One of his prize plants was in Naudero in Sindh province. The $70 million plant was inaugurated by Zardari, who touted it as part of the solution to the energy crisis. It was supposed to provide power to local towns and villages and for wells vital to agriculture in the area, but it ran only to a fraction of its capacity. Hours after the Supreme Court ruling, it was shut down. Walters now says he can't get permission to recover the machinery from the site.
He said the opposition and the court were trying to score political points.
"Calling it a scam is nothing but an effort to embarrass the government by two members of parliament who managed to get the Supreme Court on their side," said Walters.
It's a similar story with the other foreign investor to take up the offer. Turkish company Karkey Karadeniz Elektrik Uretim invested $350 million in hulking floating power barges that were moored off the port city of Karachi. They started operations in April last year, but they were supplied little or no gas. The Supreme Court ruling ordered the company to repay a $180 million advance it was paid by the government. In a statement, Karky said it had started arbitration proceedings against the government and that the court ruling contained several material and factual errors.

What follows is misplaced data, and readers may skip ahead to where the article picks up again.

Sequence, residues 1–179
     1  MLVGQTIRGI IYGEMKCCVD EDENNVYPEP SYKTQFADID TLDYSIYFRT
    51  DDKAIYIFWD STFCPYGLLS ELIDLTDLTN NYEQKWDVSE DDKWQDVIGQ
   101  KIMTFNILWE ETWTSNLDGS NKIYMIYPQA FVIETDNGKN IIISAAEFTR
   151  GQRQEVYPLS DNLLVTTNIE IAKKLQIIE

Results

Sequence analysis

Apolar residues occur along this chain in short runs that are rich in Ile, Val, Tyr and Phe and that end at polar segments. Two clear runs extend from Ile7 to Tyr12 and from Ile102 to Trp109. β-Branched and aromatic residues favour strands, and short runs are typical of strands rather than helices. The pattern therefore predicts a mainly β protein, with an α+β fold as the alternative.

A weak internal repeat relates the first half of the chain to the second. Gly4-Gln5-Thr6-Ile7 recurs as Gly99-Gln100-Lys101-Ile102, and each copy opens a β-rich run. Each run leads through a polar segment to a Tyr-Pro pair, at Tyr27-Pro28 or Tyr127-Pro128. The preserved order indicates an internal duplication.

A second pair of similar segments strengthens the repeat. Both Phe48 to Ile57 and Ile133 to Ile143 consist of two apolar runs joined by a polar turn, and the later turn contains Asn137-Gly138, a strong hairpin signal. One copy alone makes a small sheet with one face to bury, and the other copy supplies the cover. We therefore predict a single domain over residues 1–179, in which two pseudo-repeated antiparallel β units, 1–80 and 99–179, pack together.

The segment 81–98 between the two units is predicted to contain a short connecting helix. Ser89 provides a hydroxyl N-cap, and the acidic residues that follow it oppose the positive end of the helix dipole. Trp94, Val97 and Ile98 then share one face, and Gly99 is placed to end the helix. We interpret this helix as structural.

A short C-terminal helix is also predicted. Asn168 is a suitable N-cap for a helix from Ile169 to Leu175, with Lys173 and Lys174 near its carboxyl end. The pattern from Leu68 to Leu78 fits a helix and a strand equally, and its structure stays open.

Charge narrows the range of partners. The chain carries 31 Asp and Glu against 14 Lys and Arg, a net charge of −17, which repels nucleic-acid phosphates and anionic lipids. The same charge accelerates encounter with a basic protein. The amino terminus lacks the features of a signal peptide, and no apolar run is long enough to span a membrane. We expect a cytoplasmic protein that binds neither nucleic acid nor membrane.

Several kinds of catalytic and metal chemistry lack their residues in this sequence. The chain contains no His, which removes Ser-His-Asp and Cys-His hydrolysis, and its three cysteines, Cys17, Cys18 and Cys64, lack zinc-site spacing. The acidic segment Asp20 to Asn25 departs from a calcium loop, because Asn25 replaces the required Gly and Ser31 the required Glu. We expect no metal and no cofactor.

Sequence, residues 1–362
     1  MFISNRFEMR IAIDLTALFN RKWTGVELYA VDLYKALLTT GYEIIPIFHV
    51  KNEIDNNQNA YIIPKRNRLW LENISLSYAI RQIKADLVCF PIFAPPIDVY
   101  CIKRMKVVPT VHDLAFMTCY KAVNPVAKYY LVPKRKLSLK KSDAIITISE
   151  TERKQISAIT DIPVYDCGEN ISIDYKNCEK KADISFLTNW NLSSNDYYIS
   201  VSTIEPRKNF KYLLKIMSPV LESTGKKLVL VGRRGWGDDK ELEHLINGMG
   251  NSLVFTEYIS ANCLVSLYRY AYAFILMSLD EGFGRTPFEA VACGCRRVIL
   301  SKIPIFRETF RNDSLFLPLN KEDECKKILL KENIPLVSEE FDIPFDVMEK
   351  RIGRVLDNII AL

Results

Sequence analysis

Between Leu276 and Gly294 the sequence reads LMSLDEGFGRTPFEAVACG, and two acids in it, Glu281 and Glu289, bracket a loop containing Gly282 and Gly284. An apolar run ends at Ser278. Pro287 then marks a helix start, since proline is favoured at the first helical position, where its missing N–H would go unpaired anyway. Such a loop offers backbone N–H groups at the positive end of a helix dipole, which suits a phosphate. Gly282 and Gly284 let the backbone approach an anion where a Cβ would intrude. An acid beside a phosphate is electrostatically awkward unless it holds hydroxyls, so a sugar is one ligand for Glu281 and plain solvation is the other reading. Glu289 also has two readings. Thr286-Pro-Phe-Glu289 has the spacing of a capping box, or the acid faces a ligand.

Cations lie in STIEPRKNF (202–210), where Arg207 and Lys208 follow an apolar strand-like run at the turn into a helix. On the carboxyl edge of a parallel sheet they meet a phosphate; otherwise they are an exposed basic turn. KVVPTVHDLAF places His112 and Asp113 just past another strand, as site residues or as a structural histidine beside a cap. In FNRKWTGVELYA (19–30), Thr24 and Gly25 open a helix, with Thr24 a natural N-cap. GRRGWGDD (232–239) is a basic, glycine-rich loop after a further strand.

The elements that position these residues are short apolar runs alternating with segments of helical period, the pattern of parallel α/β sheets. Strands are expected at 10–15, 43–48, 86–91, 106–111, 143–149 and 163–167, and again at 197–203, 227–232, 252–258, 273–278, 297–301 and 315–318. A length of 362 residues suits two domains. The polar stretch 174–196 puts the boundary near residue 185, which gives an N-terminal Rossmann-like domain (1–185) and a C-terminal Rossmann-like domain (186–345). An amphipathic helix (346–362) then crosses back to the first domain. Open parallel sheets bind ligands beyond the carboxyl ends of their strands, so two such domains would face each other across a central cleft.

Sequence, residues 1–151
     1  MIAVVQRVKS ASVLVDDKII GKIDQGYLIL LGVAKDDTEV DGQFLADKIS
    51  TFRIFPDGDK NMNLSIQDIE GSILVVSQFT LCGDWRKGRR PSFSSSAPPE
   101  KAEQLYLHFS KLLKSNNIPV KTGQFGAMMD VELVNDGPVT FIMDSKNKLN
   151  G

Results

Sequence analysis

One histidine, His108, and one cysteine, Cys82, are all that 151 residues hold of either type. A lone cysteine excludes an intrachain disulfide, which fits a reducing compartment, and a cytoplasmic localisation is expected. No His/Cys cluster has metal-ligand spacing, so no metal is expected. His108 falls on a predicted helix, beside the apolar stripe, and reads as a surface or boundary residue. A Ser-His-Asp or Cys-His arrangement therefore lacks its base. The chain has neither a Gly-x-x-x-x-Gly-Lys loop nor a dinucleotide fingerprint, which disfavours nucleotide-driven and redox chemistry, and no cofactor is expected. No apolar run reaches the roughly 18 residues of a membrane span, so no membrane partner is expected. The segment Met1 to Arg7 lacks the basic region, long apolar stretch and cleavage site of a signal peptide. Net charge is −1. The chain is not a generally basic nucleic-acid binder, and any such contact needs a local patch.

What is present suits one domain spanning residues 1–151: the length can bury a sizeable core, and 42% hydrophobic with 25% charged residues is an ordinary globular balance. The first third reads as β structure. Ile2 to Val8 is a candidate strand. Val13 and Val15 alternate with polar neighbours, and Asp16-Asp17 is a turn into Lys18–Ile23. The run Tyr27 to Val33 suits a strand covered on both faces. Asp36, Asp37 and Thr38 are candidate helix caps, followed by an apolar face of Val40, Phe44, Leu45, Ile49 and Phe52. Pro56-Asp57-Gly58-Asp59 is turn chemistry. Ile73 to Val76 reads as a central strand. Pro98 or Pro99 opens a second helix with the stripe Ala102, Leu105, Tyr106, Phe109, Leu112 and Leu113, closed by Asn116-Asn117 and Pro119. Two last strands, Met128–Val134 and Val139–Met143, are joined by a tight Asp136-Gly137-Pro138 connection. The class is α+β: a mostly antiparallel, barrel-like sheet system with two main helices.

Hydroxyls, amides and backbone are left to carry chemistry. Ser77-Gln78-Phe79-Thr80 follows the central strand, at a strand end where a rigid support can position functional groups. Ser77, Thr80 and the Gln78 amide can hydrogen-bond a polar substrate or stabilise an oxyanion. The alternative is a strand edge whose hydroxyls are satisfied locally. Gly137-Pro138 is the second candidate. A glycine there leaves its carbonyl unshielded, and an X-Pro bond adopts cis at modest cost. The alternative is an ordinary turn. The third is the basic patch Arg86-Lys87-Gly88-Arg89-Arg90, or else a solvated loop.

The Supreme Court investigated the projects under so-called "suo moto" provisions, which allows it to initiate cases based on the "public interest," instead of waiting for cases appealed from lower courts to land in its docket.
It has passed similar orders on the price of sugar and established commissions to recover written-off loans, areas of economics and policy that some say should rarely be its business.
Saleem Mandviwalla, the head of Pakistan's Investment Board, said he was bewildered by the latest court order.
"This will not only effect the power business, but every business," he said. "All it has done has created more problems for Pakistan."
A recent report by the International Commission of Jurists said that the court was using "suo moto" investigations excessively, and that "when they are inappropriately applied, they may upset the balance of power and interfere with the ordinary course of justice."
But in a country where even government supporters admit that it has done nothing to curb corruption or make policy, some say that the Supreme Court is their only hope.
"All in all, they shouldn't be looking at this stuff, but if you were going to kill any policy, this would probably be it," said Feisal Naqvi, a lawyer and blogger. "The rental power policy was asinine."
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